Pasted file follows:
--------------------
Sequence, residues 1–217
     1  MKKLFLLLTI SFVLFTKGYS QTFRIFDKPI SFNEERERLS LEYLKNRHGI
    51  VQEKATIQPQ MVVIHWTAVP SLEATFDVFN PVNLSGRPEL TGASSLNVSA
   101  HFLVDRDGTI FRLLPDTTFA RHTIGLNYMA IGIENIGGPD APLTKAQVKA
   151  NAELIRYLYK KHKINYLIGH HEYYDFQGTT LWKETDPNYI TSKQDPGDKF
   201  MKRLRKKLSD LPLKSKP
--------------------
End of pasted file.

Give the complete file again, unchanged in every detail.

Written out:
Sequence, residues 1–217
     1  MKKLFLLLTI SFVLFTKGYS QTFRIFDKPI SFNEERERLS LEYLKNRHGI
    51  VQEKATIQPQ MVVIHWTAVP SLEATFDVFN PVNLSGRPEL TGASSLNVSA
   101  HFLVDRDGTI FRLLPDTTFA RHTIGLNYMA IGIENIGGPD APLTKAQVKA
   151  NAELIRYLYK KHKINYLIGH HEYYDFQGTT LWKETDPNYI TSKQDPGDKF
   201  MKRLRKKLSD LPLKSKP